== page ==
Page visits aren’t everything: Here’s how to get your readers to come back

Page Visits

Stefan Huber

Stefan Huber is Chief Operating Officer. He is in charge of the Content, Service & Delivery Unit, assists customers with advisory services and content know-how, and gains new creative input while climbing indoors and outdoors.

One of the goals we often hear from our clients: generating landing page clicks with content marketing to boost sales. But unfortunately, quick purchase decisions on the Internet are not that simple. After all, a good product with a clever advertising slogan is no longer enough for a company to be successful in digital marketing: There are too many brands and advertising messages online.

So we keep clicking on ads (intentionally or unintentionally), find ourselves on unfamiliar websites – and leave within seconds, even before we’ve given cookie consent. These page visits are of no use to anyone. Because the decision for a brand or a product starts much earlier.

Purchase decisions are subconscious and irrational

Whether it’s replacing the old TV with a new one, reaching for the chocolate at the supermarket, or finally letting our expensive Internet contract expire and switching suppliers: A large number of brands compete with each other across all industries and categories.

It is not enough to be the best among the suppliers: Most of our purchasing decisions are made subconsciously and not rationally. And as studies in the field of neuromarketing have shown, only a few brands come into question for us at all – namely those that belong to our very personal relevant set.

The relevant set explained by the example of “cars”

To explain the Relevant Set, let’s take a look at the automotive industry. In this sector, the brand usually plays a particularly important role when it comes to the purchase decision. Basically, all passenger cars fulfill the same basic criteria that we would rationally consider important: They have four tires, a minimum of two doors and at least a small trunk, they get us from A to B with sufficient horsepower, and they meet safety standards, because otherwise they wouldn’t be registered.

And yet, when it comes to choosing the car of their dreams, everyone has their own particular preference. For some it has to be the solid German vehicle, for others the powerful off-road model with adventure character, and still others want the most modern car – with an electric motor, of course. Well, do you have a brand ready for each example? Is it immediately clear to you what your choice would be? And, quite honestly, can this choice really be justified on purely rational grounds?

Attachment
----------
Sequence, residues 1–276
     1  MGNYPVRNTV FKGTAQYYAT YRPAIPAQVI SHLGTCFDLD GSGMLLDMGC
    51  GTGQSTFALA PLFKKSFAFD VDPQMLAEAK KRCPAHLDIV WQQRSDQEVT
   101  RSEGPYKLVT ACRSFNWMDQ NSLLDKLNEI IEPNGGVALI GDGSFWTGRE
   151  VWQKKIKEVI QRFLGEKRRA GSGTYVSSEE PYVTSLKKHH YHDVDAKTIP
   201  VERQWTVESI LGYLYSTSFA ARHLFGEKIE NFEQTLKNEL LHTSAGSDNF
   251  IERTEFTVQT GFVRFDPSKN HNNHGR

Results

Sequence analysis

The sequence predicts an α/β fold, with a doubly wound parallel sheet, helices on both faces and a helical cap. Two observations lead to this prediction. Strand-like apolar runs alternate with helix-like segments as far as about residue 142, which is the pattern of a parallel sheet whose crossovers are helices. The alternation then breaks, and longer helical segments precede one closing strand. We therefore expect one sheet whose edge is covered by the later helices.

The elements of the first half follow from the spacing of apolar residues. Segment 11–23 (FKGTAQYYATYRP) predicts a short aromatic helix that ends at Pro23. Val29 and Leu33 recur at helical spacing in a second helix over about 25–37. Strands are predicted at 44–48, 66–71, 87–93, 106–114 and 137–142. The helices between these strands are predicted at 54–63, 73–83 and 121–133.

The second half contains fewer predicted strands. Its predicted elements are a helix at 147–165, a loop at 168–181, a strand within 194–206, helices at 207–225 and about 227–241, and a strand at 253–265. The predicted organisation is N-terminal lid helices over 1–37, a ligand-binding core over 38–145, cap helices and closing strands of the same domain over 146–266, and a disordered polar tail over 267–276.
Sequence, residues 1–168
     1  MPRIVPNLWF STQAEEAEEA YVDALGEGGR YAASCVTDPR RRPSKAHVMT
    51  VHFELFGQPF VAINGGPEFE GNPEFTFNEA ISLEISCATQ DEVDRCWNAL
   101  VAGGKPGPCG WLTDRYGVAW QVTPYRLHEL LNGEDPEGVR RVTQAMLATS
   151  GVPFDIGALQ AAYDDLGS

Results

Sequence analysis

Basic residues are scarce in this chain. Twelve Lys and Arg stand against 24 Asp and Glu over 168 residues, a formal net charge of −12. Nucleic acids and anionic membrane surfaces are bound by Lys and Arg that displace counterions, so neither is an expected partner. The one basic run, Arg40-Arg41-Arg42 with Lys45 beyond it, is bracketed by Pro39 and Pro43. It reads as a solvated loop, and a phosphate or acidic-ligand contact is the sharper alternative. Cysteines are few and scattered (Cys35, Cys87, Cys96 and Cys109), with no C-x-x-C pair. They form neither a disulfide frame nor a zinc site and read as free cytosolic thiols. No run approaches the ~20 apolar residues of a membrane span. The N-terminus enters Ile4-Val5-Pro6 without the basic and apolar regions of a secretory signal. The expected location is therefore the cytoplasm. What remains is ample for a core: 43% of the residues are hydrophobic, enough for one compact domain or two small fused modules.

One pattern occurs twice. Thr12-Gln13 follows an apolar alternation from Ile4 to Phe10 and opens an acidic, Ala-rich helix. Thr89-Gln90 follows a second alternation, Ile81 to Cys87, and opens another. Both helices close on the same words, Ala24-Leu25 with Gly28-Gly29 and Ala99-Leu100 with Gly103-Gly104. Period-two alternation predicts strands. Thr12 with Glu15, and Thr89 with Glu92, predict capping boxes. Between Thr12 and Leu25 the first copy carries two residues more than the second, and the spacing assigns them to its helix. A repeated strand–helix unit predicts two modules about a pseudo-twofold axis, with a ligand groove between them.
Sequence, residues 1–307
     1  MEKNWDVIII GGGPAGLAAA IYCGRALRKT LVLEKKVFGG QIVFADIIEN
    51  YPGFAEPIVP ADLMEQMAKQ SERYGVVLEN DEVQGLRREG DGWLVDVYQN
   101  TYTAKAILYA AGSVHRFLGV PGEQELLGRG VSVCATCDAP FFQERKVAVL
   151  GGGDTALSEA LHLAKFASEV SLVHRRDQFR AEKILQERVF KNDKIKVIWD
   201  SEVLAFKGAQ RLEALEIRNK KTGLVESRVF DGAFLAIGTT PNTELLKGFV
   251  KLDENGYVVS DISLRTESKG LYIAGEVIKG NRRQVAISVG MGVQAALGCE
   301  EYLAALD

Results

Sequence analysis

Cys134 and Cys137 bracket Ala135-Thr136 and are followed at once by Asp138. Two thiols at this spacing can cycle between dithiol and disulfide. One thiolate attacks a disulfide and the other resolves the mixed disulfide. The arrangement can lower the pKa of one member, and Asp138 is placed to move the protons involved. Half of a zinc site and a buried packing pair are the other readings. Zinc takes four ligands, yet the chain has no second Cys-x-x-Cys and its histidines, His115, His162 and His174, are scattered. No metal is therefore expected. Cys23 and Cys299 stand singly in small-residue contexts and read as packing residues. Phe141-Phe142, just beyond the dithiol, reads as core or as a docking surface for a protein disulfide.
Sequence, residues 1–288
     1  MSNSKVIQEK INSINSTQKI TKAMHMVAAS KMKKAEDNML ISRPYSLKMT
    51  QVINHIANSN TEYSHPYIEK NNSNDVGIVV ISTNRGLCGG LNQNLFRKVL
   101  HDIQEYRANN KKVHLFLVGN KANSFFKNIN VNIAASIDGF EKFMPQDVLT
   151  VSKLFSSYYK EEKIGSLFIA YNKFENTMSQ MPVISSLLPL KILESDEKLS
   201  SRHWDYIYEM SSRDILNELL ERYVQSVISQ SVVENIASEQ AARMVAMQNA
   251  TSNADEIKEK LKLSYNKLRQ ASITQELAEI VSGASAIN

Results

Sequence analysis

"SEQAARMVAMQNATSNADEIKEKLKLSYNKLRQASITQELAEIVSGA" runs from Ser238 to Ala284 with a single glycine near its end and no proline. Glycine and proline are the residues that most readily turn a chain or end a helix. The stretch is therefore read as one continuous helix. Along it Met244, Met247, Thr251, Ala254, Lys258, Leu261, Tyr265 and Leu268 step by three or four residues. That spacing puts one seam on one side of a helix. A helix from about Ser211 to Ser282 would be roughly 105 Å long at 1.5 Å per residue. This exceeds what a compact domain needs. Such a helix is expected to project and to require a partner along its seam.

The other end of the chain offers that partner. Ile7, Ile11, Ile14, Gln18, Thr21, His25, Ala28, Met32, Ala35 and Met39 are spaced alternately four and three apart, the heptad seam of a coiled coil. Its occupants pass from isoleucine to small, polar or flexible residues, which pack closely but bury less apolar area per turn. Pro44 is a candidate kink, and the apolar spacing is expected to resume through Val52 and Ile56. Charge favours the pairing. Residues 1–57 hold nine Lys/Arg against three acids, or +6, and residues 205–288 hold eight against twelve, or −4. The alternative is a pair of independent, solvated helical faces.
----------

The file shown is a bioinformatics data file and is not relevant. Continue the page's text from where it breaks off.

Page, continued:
Probably not. Because that’s what the relevant set is all about: across all industries, products, services and the like, we have a certain number of brands ready to choose from. All the others, no matter how good they are at what they do, are simply out of question. Studies even assume that there is a favorite brand in the relevant set that we automatically reach for. The others – and these can be counted on one hand – are hierarchically equal and are considered suitable alternatives.

So how do you get into the Relevant Set?

In order to become a favored brand, we must first reach the preliminary stage of the relevant set – the awareness set. It contains all the brands that we have noticed but have not yet included in our decisions. So the first step is: increasing brand awareness.

Once your brand is known and anchored in the subconscious, it’s time for the second step: to increase and consolidate trust in your brand until it reaches the relevant set – and finally becomes the favorite, meaning the first choice. Then the next purchase decision will fall on your brand.

Brand awareness and trust through content marketing

So instead of page visits, brand awareness and trust in the brand should become the primary goal of the digital marketing strategy. In the long term, this in turn increases the chances of actually receiving qualified page visits.

Content marketing is the ideal tool for both brand awareness and building trust: content that informs, inspires, and entertains, but is closely linked to your brand, makes it better known. And content that addresses and solves the problems of the target group can strengthen trust in the brand.

The goal of content marketing should therefore be to make your brand a favorite in the relevant set of the readers – instead of getting them to click on your landing page as quickly as possible. If you succeed in doing this, the readers will come back, and they will do so by becoming paying customers. Because when it is time to make a purchase decision, your brand will be their first choice.

Where to reach your target audience with content

Finally, there is the question of distribution. Content on your own channels is hardly effective before your brand becomes part of the awareness set. Native advertising via our publisher network offers an effective way to target potential customers. They perceive your content in a neutral, familiar environment – and the first step towards brand awareness and trust is already taken.

Conclusion: Effective content marketing can contribute to brand awareness and promote trust. So use content to inspire readers and become their first choice, rather than just generating as many page visits as possible. That way, they’ll come back sooner or later if your strategy bears fruit.